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Tony Bennett


Tony Bennett w/ the Artie Shaw Orchestra

June 25, 2005 @ Bank of America Pavilion

As the crowd breezed in on tropical zephyrs, the musical theme was set by local legend Dick Johnson and the legendary Artie Shaw orchestra. From the appropriately bright light opera fare of “Softly As a Morning Sunrise” and a tart “Tangerine” to the Big Band chart-topper “Stardust,” the band offered a variety of themes. And though Johnson’s twinkling clarinet was occasionally lost amidst the harmonic horns, “Begin the Beguine” let him smoothly shine and his informative intermezzos kept him in the spotlight. Though Shaw’s rearranged version of “The Anniversary Song” went on a bit too long (even after the main applause) before dragging to a halt, the band got every last note out of it that they could. After a short break, Johnson was replaced at the center stage position by Tony Bennett, whose quartet took over the left side of the stage while the rest of the orchestra remained stage right. As Bennett will be appearing in August at Tanglewood with the Count Basie Orchestra, this set up was fitting, as it allowed the spry septuagenarian to front another great ensemble. Despite the heat, Bennett smiled even as he sweated, saluting the crowd before opening with a prescient opening duo of “Watch What Happens” and “The Best is Yet to Come.” With Paul Langosch snapping the bass and Gray Sargent hunching over his fleetly-fingered frets, Bennett also gave props (and solos) to his relatively new pianist/conductor Lee Musiker and old friend drummer Harold Jones. Though much of the repertoire was familiar, the self-proclaimed “original American Idol” delivered each song with a flair that is almost unheard of in today’s world of lip-synched “live” performances. The closest thing to “record perfect” was the snap-along-able take on “Just in Time.” A scatty “I Got Rhythm” pepped up the crowd while Hank Williams’ “Cold Cold Heart” brought a bit of refried Country to Beantown. Apparently in need of a break, Bennett leaned on the piano while his locally-trained daughter/protégé Antonia offered her renditions of “Sail Away” and “Lucky Guy.” Then it was back to the front for more including an expressively-brushed “Steppin’ Out” and a subtle “Smile” that was painted with shades of Gray. The saloon-y “Maybe This Time” was accented by passing jets and the first of the audiences many attempts at clapping along in time. At the end of each song, however, they all came together to applaud the Voice’s favorite voice and to cheer him on for another 50 years of music.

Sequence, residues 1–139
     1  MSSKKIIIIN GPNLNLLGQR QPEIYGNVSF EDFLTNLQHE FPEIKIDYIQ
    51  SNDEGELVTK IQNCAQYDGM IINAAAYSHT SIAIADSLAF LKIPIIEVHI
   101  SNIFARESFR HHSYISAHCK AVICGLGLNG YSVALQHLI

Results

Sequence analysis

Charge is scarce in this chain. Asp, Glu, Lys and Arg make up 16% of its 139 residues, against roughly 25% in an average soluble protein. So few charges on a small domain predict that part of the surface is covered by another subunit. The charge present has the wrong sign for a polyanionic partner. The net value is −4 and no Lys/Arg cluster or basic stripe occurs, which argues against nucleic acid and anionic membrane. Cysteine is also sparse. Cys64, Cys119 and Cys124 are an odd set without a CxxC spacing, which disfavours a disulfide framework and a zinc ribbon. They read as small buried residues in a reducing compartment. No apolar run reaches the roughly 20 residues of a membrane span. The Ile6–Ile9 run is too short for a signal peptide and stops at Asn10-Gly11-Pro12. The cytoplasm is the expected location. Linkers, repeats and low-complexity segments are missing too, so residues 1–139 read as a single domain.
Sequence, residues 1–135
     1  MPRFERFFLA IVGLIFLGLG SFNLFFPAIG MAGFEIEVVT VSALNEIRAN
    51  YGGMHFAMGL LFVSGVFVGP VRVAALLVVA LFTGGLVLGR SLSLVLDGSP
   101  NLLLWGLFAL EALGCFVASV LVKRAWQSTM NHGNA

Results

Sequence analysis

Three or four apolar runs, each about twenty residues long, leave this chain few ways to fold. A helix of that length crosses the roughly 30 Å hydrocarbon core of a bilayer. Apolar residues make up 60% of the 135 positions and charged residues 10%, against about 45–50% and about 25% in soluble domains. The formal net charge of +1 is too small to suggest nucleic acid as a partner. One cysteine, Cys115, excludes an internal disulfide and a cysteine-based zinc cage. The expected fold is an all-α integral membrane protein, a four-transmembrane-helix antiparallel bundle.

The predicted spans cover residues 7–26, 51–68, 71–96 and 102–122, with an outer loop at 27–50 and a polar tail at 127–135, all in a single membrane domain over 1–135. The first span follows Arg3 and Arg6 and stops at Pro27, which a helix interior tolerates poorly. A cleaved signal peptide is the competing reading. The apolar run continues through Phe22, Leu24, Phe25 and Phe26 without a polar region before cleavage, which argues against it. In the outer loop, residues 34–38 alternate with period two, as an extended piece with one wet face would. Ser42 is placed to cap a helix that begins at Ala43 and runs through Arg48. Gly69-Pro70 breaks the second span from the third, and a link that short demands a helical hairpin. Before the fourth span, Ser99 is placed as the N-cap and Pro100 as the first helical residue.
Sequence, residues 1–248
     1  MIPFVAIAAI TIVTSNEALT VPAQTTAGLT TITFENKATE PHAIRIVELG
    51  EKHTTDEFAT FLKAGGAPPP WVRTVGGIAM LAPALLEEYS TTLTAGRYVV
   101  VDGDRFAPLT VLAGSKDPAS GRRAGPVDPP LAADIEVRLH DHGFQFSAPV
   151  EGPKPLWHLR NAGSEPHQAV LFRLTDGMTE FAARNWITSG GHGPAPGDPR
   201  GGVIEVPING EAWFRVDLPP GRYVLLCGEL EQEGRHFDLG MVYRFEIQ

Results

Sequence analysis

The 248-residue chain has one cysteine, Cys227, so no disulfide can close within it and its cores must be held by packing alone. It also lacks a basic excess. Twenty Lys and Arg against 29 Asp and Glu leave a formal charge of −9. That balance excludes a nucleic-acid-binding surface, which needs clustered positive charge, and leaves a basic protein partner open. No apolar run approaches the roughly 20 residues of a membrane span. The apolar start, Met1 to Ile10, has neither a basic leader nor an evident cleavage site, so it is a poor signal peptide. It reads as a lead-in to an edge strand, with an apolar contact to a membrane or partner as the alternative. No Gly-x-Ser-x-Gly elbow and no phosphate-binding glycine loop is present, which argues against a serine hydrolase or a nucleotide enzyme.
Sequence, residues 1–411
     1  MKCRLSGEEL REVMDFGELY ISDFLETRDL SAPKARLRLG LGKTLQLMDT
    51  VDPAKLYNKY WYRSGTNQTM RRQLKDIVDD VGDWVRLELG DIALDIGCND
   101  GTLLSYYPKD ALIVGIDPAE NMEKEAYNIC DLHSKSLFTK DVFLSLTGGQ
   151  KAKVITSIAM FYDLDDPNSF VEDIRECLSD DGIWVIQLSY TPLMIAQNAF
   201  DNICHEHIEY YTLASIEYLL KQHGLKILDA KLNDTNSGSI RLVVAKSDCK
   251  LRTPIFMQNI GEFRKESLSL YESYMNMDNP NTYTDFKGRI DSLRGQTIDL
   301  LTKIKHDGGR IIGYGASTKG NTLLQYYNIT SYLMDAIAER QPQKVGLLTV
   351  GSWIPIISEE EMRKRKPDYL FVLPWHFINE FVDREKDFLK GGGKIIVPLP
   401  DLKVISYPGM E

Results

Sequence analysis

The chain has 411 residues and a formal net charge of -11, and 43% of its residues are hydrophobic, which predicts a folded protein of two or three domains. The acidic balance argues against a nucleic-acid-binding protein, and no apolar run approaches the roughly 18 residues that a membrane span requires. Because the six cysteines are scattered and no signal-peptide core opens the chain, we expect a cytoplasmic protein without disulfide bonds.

- Matthew S. Robinson
c. 2005, M. S. Robinson, ARR


©2003-2005 Boston Beats





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